The problem wasn't that you put that on your resume. It's that when we checked your references we found out you were demonstrably _not_ capable of so refraining.

Re:"Work well with others" is the lie of the centu (1)

hedwards (940851) | more than 2 years ago | (#38701360)

Not to mention the fact that HR is typically where the first few rounds of screening go and they're precisely the sorts of people that engage in those sorts of behaviors.

Re:"Work well with others" is the lie of the centu (3, Insightful)

Rosco P. Coltrane (209368) | more than 2 years ago | (#38701216)

You forget another, more glamorous possibility: I would very much enjoy putting "capable of concentrating long and hard on any problem, able to work on my own at a problem until it's fully and properly solved" in my resume. In this day and age, where most people seem to glorify short attention spans and teamwork (which is usually just a way dividing the individual brainpower required to perform a certain task, and diluting responsibility when things go wrong), this would seem like a worthwhile skill to offer to an employer.

But no, if you don't pretend you like teamwork and you work well with others in your resume, you can be sure it'll be chucked out in the trashcan right off the bat. It's almost automatic, so much so that it's almost impossible to find a resume *without* that line.

Re:"Work well with others" is the lie of the centu (3, Interesting)

TheRaven64 (641858) | more than 2 years ago | (#38701434)

Not to any employer. If you've found a company that actually wants (and is willing to pay for) a proper solution, then I suggest that you do everything that you can to make sure you keep your job there. Most companies want a vaguely good-enough solution right now, and if it's a money sink in two years then, well, it will be someone else's responsibility by then...

Re:"Work well with others" is the lie of the centu (1)

hedwards (940851) | more than 2 years ago | (#38701854)

Indeed, I remember an employer a while back that was willing to pay for the bare minimum solution, then cut it back after a while. Needless to say that was a very frustrating place to work if you had any sort of work ethic whatsoever as you could never actually accomplish anything.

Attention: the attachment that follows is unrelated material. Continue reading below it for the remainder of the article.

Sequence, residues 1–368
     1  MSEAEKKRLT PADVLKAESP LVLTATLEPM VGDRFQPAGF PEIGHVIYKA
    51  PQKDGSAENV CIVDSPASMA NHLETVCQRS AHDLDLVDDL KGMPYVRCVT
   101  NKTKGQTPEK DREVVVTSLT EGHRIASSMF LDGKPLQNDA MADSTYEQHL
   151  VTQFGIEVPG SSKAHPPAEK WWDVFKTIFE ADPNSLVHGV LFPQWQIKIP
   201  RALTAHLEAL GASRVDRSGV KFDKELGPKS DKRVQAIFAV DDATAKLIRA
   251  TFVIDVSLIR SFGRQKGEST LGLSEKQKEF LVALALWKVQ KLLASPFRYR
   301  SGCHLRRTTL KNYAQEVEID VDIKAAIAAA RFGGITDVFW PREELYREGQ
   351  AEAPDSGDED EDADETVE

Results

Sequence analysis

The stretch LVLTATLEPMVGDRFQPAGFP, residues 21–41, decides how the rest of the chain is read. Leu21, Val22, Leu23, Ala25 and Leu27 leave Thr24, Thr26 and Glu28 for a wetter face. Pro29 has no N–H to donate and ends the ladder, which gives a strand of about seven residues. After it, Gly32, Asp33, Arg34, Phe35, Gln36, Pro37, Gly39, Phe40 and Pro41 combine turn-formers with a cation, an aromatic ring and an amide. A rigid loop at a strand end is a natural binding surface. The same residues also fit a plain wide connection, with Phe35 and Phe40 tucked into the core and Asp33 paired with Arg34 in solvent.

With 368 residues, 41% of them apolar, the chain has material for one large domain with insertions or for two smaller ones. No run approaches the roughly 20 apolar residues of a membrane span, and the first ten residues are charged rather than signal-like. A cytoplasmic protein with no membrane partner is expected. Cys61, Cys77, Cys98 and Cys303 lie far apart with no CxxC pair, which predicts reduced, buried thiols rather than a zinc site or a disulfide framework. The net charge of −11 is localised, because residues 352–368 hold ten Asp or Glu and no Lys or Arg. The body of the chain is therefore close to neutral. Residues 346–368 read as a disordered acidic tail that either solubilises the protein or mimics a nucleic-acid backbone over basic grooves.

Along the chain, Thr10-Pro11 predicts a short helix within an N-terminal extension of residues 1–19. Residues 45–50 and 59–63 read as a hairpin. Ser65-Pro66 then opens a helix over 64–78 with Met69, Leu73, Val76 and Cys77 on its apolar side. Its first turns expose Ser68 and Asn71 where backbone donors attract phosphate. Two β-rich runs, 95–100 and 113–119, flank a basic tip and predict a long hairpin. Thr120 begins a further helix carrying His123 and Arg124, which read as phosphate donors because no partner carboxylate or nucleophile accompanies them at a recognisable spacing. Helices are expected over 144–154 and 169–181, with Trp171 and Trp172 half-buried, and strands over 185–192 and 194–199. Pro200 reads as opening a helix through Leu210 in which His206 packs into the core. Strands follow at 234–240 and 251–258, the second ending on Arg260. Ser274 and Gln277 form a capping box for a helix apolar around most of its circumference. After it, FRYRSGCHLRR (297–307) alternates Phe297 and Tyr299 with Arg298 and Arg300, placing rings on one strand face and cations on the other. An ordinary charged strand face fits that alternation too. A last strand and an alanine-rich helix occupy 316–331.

Re:"Work well with others" is the lie of the centu (2)

istartedi (132515) | more than 2 years ago | (#38701210)

Everybody knows it, head hunters know it, employers know it, so why do they carry on asking those "skills"?

You told two people you're a people person. Then they told two people they were people persons. And so on, and so on, and so on...

You should be true to yourself (2)

Colin Smith (2679) | more than 2 years ago | (#38701232)

Otherwise, a couple more years pretending to "enjoy team work" and you'll be up on a water tower with an AW50 taking pot shots at former "team" mates.
 

Re:"Work well with others" is the lie of the centu (1)

westlake (615356) | more than 2 years ago | (#38701428)

Well guess what: at each and every job interview I've been to, I lied and pretended I enjoyed working with others, when in reality I like being left the fuck alone to do a good job.

The obvious questions that come to mind are how many jobs and how many interviews? Is all that BS you've been peddling getting what you need and what you want?

Re:"Work well with others" is the lie of the centu (0)

Anonymous Coward | more than 2 years ago | (#38702008)

Serious question: do you still work at Microsoft?

Re:"Work well with others" is the lie of the centu (4, Insightful)

MagikSlinger (259969) | more than 2 years ago | (#38701444)

Everybody knows it, head hunters know it, employers know it, so why do they carry on asking those "skills"?

Because as Marti Olsen [amazon.com] points out, the majority of people are extroverts, and assume anyone who is not like them is defective. So extroverts love brainstorming, group think and other social work environments, so they think everyone should enjoy it and demand it in others.

The right answer is, as other people have said on this thread, balance. Sometimes we should work together, but also sometimes we should leave each other the f--- alone.

But because extroverts tend to be disconnected from facts and experience, they instead remember when they were happiest which was brainstorming sessions or other team activities. Thus they demand it.

To be fair, that's only about 30% of the hiring managers out there. The other 70% actually want people with political skills. The ability to negotiate with people they disagree with, to get people to go along with an idea, to contribute to the group when required instead of being a lone wolf causing problems or sniping. Introverts make excellent politicians in this regard--usually the Karl Rove backroom operator or chief-of-staff. But it's somehow off-putting to state: "Don't be an obstinate asshole who has to get his way and bullies others to achieve his goals -- yes, that means not you, John Bolton [wikipedia.org] ." on the job posting.

So just look at "work well with others" and "enjoy team work" to mean you're not a douchebag or a dickhead. It doesn't necessarily mean you are a people person.

Re:"Work well with others" is the lie of the centu (3)

Ethanol-fueled (1125189) | more than 2 years ago | (#38701584)

So extroverts love brainstorming, group think and other social work environments, so they think everyone should enjoy it and demand it in others.